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| p.1 #1 · p.1 #1 · There are an infinite number of ways to pose people |
Why is it that I can never remember that when I'm actually shooting?
The rules of photography...but posing, especially. Today I am reviewing some of my photos. I prefer engagements over weddings by far, because I like the absence of time restrictions and one-time-only events. Looking back at shoots I did a while ago, from the perspective I have today, I realize that I have lapsed on my habits of making backgrounds less busy and avoiding distractions...but, overall, I am shooting much the same way as I have been for years. In some cases, this means the style; however, I am also noticing that the things I thought I had been doing better at - posing, especially - I actually never did well.
I continue to find that my deficits impede my performance, especially with posing. I have great difficulty describing poses I mentally generate, and often the more I try to detail things out the more unnatural it gets. However, I know this is not the case for everyone, and in fact my having a bunch of people lately who don't really know how to pose themselves is not an excuse for me to give them poorly posed photos...but a reflection on the limits of my professional knowledge. I know people out there can pose masterfully (or at least with variety and without displeasing results) and make excellent use of environment, because I have seen it. Many people on here do that.
For posing communication...I usually tell people simple commands, then I try to clear up details I see as flaws in the overall effect. However, I could be wrong about those flaws and sometimes I am. Sometimes my corrections are worse than the original. Sometimes I can't articulate my ideas correctly and get tongue-tied. Alternately, I've tried to describe scenarios to people, but sometimes that ends up with them being as confused as when I get tongue-tied with my descriptions.
I need to remember to use those leading lines, to put myself on a certain perspective relative to particular lines and objects so I can use lines/etc. to draw the eye. I need to remember how to isolate the subject better. I need to learn how to pose people...because it's part of my style and expected, and I want to learn how to do it well. I need to learn how to use the arms and legs. Sometimes my leg and arm posing is absolutely dismal or I have physically impossible ideas (without joint displacement). And I need to learn how to see things others don't see. So far, I have relied on having different lighting and lots of background blur as my gimmicks...but I don't want that to be all I can do.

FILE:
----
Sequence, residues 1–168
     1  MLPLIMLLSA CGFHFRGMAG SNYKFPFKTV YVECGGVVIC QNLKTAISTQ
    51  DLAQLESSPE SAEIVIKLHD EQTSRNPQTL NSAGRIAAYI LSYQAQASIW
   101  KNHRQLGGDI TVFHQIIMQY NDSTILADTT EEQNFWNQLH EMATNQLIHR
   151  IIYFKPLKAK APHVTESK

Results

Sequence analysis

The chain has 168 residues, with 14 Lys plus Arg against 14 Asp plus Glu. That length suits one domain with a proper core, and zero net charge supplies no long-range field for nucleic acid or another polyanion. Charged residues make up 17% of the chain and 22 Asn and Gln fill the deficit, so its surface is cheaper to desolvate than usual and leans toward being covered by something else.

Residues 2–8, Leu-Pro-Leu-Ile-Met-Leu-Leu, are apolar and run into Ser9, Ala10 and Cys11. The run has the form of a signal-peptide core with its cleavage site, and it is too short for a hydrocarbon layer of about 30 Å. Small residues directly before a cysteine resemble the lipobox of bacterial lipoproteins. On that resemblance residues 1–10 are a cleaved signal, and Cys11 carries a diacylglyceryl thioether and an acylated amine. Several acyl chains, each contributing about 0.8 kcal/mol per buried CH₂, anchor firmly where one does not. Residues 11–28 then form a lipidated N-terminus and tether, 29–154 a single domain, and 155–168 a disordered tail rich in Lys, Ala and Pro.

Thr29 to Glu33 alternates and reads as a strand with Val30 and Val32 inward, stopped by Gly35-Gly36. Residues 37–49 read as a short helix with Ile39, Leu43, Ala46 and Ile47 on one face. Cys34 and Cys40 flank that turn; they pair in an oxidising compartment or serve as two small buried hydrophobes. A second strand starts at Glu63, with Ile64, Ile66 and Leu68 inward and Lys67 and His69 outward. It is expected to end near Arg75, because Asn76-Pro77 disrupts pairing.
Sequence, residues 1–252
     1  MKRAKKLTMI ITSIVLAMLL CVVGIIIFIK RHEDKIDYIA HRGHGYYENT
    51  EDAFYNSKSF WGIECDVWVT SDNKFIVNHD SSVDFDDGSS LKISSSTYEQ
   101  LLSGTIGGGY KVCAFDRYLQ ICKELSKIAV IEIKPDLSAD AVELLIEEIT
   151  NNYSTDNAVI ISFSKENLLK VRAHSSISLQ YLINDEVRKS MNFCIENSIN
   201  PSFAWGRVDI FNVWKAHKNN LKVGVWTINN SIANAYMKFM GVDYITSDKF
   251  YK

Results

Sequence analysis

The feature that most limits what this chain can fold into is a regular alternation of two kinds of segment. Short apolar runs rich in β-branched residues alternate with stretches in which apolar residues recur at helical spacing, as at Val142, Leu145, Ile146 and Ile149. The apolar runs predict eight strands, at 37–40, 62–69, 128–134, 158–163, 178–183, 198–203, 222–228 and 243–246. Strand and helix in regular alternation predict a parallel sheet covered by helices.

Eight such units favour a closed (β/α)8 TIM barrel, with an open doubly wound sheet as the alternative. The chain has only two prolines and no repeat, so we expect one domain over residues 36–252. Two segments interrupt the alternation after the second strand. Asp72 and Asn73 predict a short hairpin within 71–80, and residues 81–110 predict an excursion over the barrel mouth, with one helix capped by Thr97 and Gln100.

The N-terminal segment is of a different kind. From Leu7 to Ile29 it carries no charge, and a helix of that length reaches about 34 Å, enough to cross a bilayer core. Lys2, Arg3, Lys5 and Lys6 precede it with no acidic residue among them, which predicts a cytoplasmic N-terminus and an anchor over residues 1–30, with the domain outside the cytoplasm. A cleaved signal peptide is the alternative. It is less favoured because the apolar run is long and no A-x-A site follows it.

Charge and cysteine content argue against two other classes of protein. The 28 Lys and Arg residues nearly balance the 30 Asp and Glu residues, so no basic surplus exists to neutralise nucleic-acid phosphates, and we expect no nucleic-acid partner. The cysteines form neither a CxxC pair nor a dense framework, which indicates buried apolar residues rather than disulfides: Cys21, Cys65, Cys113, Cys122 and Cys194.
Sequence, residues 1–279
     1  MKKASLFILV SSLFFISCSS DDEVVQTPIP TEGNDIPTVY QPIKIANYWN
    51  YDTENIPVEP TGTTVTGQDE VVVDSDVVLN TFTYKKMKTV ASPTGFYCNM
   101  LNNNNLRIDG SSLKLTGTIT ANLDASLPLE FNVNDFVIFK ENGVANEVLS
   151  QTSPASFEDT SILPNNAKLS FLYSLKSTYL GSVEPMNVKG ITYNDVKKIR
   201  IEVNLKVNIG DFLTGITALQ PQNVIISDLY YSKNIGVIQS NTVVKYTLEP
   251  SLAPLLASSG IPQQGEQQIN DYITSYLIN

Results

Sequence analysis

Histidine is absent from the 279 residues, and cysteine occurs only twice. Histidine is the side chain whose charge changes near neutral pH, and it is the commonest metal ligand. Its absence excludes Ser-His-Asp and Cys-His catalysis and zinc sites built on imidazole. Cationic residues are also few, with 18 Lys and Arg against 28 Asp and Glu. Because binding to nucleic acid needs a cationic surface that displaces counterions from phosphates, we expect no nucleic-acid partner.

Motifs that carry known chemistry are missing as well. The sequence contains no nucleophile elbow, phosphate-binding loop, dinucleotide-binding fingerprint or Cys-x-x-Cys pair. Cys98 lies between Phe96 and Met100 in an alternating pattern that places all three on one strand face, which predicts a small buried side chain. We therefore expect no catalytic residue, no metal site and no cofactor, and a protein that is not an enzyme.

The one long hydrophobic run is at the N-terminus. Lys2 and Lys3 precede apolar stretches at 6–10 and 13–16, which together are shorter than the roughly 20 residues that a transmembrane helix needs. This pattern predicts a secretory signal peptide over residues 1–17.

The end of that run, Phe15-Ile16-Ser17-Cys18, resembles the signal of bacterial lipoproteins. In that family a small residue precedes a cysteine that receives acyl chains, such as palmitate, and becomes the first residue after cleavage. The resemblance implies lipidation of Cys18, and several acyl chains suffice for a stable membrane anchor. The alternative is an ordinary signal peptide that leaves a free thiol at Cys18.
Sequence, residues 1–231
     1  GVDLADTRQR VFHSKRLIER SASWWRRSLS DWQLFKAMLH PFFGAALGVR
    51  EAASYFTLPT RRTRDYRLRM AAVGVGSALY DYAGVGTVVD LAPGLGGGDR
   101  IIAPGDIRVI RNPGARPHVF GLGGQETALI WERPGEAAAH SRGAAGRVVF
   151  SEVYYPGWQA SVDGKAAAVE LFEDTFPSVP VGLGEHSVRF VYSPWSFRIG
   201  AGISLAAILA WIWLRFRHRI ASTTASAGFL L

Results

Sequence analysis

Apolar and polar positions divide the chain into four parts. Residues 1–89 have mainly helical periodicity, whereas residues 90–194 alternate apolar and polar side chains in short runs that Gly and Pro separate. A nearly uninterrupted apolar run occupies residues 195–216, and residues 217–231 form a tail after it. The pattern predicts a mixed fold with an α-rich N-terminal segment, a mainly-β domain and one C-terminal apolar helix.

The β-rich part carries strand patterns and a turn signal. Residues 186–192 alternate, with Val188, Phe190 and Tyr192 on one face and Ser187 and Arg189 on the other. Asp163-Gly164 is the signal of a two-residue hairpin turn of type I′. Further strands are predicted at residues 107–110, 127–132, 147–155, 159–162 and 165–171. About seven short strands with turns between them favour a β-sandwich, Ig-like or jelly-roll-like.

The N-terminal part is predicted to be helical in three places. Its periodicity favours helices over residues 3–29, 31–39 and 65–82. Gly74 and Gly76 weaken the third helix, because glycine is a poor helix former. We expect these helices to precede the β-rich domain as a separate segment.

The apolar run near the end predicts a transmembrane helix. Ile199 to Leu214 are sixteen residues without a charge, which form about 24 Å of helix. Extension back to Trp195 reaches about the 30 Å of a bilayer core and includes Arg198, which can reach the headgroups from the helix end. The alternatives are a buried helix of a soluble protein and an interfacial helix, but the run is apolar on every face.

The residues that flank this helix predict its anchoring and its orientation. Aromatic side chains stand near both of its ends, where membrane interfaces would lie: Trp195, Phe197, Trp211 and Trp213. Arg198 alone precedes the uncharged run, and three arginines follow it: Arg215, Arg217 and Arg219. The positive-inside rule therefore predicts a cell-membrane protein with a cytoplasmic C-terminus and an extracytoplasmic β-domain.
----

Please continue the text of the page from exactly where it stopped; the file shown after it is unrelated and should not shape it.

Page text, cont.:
I have noticed that I have improved in two things lately: Capturing moments quickly (I'm not chimping as much) and attempting to get the whole scene with context in getting ready photos. I have also bee doing some newer (new to me) shots where the focus in on hands or something else with the couples' faces out-of-focus in a corner or on the edge of the frame - and this effect seems nice. In contrast, I have noticed (coincidentally beginning around the same time as when I got my Nikon D800) that my framing of subjects within a scene has gotten worse...perhaps it is a consequence of my own desire to change things up. I am often finding myself wanting to do something different from what I am used to, but not being able to think of a way to accomplish that. Since I don't do drugs, I can't take the psychadelic route and attempt to access my inner creativity that way...
I have also noticed that 35mm doesn't seem as "right" to me as it used to, for some reason. I don't get it. 24mm still doesn't really seem right to me as a mainstay (too much distortion), and 50mm is still very tough for me to get used to. 85mm is starting to feel too long...it's weird that my focal length preferences would be changing like this, since I became a very devoted 35/85 user after forcing myself away from the 24-70. I like the look of 85mm, it's very nice...but it is limiting in tight spaces and only can be used from a few angles on ground level. Wider is better for variety of angles. I'm also feeling short lately, lots of very tall clients there is no way for me to shoot from above without them sitting.
So, I think constantly with each shoot about...Fat arms or making arms look fat...making heads look fat...watching out for double chins...avoiding things sticking out of their heads...avoiding awkward or distracting arms or hands...pull back her hair so I can see her eye...watch for stray hairs...I want to see both faces...
And then I fall right into the standard "her hand on hip, his hand in pocket, her hand grabbing him behind the neck, put most of your weight on your back foot, wrap her arms around his neck, lean against his chest and look at me, put foreheads/noses together, touch cheek with nose, wrap arms around him/her, etc..." and it feels so stuffy.
I actually am finding myself gradually becoming more interested in photos that show "hints" rather than the full subject - like part of a face, or a hand, or something else - which I suspect is actually a good thing in a way. However, I still need to learn how to do good, effective poses for everyone...
BTW, how do you possibly pose a bride who has this humongous bouquet with a stem cluster larger in diameter than your fist? There was just no comfortable way for her to manage that thing that I could see...